BELVOIR,— ge, Can’ be seen on. application. at my| fear their “fanatical, brutal and{ain’s colleagues on the Security M. 8, “HERSILIA™ July 37h Consignee; Dial: 4047




























Motor attached. Phone 3139.
19.7.50.—8n.

MISCEL) ANEOUS

AMERICAN KEROSENE
—18 months old Cabinet. style wit
Draft proof front and Cupboard, in
good condition. Cook, “Dunoon” St
Lawrence Gap Telephone 8493

20,7.50--2n



—————————
BOARD—About ten thousand feet. Deal
Boards. Contact The C. H. Kinch Co
Ltd., No. 1 Palmetto St. 21.7.50—3n
CALYPSO RECORDS, forty eight
titles, only ten each, come and get
them.
A. BARNES & CO. LTD
15.7.50—T.F.N.
—$—< —
DUCKHAM’'S ADCOIDS—Save petrol,
reduce engine wear and promote per-
formance especially when inferior petrol
has to be used. Of great assistance when
running-in new or rebored engines.
Simple and inexpensive to use, Obtain-
able from all leading Garages and Ser-
vice Stations. H. Jason Jones & Co. Ltd.
Agents & Distributors. 16,7.50—6n,

_——





_——$———
LADY LEAVING ISLAND wishes to
sell Triang perambulator, Toys, Child’s
Tricycle Cook, “Dunoon” St Law-

rence Gap. Telephone 8493
20.7, 50—2n



LOLLYPOPS for the children, ‘in
several Delicious Flavours !Ask for:
“BEATALL LOLLIES” at all the lead-
ing Drug Stores. Made by the famous
“Trebor” Confectioners 19.7.50—3n



-_———

O.K. COFFEE!—Fresh shipment of
this much preferred Packaged Coffee
has arrived and may now be had from
your Grocer. 20.7.50—2n.

——————$— $$

TYRES AND BATTERIES, Sizes 34 x
7, 32 x 6, 30 x 5 and other sizes, also
Oldham 17 plate batteries. Guaranteed
Enquire Auto Tyre Company Trafalgar
Street, Phone 2696. 21.7,50—t.f.n.



TYRES—HENLEY Bus and Truck
Tyres 32 x 6 which render the 4 x 7
unnecessary. We have had these
operating here with extra heavy work
since i947 without a single complaint
being made. Drop in and see them
The price is as attractive as the quali-
ty of the tyre. JOHN F. HUTSON Id.
Shepherd St. 20.7,.50—2n







FOR RENT





BRAMBLY — Waterford Gap, St
Michael. From now to Dec. 3ist. Fully
furnished modern home. Electric Stove
and Refrigerator. For particulars. Dial
3062. 21.7,.50—2n



ee
HIGH WINDS, Cattlewash, from Octo-

ber onwards, Dial 2650.
—21.7.50—3n.

a T

LARGE YARD and SHED, apply next
door at STOUTE’'S DRUG STORE,
corner Roebuck Street and Country
Road. 7.7,.50.—t.f.n





PERSONAL





The public are hereby warned against
giving credit to my wife IRIS TODD
(nee Sobers) as I do not hold myself
responsible for her or anyone uniess by a
written order signed by me she having
left my home and protection without my
consent.

By order,
(Sed) ALBERT L. TODD,
Upper Bay St.,
Op. Gas Co.





—_—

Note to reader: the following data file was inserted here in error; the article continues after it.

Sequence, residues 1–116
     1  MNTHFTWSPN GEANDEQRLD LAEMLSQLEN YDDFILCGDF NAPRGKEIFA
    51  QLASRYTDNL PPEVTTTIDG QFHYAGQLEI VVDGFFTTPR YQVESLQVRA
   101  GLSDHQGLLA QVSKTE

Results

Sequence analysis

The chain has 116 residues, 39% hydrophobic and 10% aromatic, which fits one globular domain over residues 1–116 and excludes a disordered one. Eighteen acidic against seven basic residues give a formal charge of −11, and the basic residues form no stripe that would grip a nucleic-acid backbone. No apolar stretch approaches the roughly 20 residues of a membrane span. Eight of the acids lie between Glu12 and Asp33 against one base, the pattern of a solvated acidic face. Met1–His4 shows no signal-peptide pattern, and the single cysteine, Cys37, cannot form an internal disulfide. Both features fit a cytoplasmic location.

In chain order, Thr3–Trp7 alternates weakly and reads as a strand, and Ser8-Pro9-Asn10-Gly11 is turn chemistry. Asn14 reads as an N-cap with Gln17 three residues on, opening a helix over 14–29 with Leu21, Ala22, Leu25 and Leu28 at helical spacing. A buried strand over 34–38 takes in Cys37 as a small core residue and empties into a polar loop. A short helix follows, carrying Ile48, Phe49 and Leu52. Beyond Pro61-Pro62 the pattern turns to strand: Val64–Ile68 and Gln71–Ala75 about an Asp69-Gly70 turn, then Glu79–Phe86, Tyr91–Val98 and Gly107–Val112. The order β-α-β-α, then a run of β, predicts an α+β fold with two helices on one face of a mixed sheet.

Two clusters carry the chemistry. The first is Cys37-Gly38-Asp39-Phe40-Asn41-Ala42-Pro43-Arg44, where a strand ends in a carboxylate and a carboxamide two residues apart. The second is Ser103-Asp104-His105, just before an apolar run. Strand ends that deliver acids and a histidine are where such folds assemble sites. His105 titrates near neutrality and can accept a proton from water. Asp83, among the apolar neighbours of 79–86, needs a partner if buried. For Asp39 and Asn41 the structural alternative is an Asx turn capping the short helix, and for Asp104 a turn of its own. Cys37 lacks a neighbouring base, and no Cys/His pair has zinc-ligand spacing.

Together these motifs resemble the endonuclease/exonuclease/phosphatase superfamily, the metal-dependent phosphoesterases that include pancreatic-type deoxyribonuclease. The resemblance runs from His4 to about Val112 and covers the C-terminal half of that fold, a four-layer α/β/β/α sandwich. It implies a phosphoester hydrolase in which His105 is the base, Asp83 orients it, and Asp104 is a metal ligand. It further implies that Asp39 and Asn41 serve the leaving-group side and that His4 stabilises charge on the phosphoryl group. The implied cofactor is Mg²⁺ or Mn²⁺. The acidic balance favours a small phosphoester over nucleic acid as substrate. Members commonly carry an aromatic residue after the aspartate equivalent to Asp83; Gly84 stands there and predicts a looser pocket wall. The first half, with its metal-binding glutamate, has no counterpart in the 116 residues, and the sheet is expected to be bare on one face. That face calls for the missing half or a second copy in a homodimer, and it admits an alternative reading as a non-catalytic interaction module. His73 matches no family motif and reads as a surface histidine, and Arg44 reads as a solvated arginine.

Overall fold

Cook—Must have satisfactory fre-
ferences. Apply to Fernihurst, Deacons
Road, Black Rock, between 5 and 6

p.m. Friday to Sunday.
20.7.50—4n

———
GIRLS WITH MACHINES for making
shirt Apply at India House, 10 Swan

st 21.7.5 in
——$—$—$————
SALES GIRL — Required with a

knowledge of ‘Spanish if possible
State ealary. Apply Post Office Box
No. 223, Bridgetown.

18.7.50—6n.

MISCELLANEOUS
“ENGLISH Gentleman, 44, arriving
Barbados October, desires post as Head
Waiter or in a similar capacity Life
experience — good references Further
particulars from C Fletcher, Villiers
Hotel, Douglas, Isle of man.”





21.7.50—8n.

i

ONE liquor License. HAROLD PRO-
VERBS & Co., LTD

19.7.50—In

=



“ADVERTISE ....1T PAYS

———_ —_—— oa : Solid Stone yea. mee Peace gt office.
TREADLE SINGER MACHINE and|Drawing & Dining, tehen, Toilet Dated t a. .

pray “Barage. On Seaside. Apply H ated this 18th ae? wide
E. McKay 18.7.50—4n. Registrar of Trade Marks

EEE Nae
MARISTOW — At Maxwell's Coast

9

rooms, delightful Balconies, ete., with z
OIL STOVE | all modern conveniences. Private THAT George Wendell Adams, Fran-

h| Beach, safe bathing, for quick sale} cis Lyster Jandron, Alfred Pitiman,
£3,500. or fully furnished £4,000, | Lucy Ivimy Gwalter and Clayton Bion
























Lazar Spira, Mr. James F. Todd, Mrs M. S. “HECUBA" Aug. 24th

James F. Todd, L, William Pope, Natali

7 ; e 5 38 50. \
ope, Josephine Audaz, Rev, Donald M8. MURSON, Rr eee
Gowe, Rev. Charles Boynton

battle-hardened leaders” who ex—|Council were fully informed, he
ecuted them for desertion, said
It said quoting intelligence Sir David Kelly to-night handed
officers reports on interrogation,}@ Written statement on the Brit-
that the prisoners believed north-|ish position on Korea to the So-
erners would probably go on viet Deputy Foreign Minister
fighting only as long as they were Gromyko, on instructions from
winning.—Reuter. ; British Prime Minister Attlee.
This was the fourth time in a















FROM JAMAICA

oom ees | Canadian National Steamshins

Mr. Eric Clarke

verlooking the Sea, having 4 bed- TAKE NOTICE









DEPARTURES BY B.W.LA.L,

rr St Ly :
MM eee Sails Arrives Sails















Possession within one month, For| Craig, being the several five individ- ; Mr. Joh SOUTHBOUND Sails
eae ‘ for ' itis mew Wa , ohn Humphrey, Mr, Maurice ‘ .
viewing Phone 40a or O02. |, |. | Sterrimack County State of New Hamp Lar en tha boputy foreign [ne ee ee: em Rees sy ae oa
pte 4 ‘| Shire, United States of America, under! (7,9, And Britat. » |\Minister--this time eta Davida ls. CAN. CRUISER lath July 15th July gsth July 26th July
“SANDGATE”, Hastings, standing on Clause 8 of the Will of Mary Baker G eWe n ee ce st 7 - ~ |For Martinique LADY NELSON 22nd July 25th July 27th July oth Aug oth aue
2940 square feet of land on the seaside) Eddy, whose trade or business address quest. , Mr. Clement Charles, Mr, Reginald} CAN. CHA! ENGER lth Aug. Ith Aus 24th Aus, 24th Aug.
of Hastings Road. is 107, Falmouth Street, Boston 15, Re ject Red Chi ‘ To-night’s communication was | Crampton nald |) LADY RODNEY . gird Aug. 26'h Aug. 28th Aug. | 6thSep auth Sep
The House contains, drawing and din-| Massachusetts, United States of Amert!- J ENA | tne first written statement of the }),, wes LADY NELSON lith Gep, 14th Sep. 26th Sep. 28th Sep.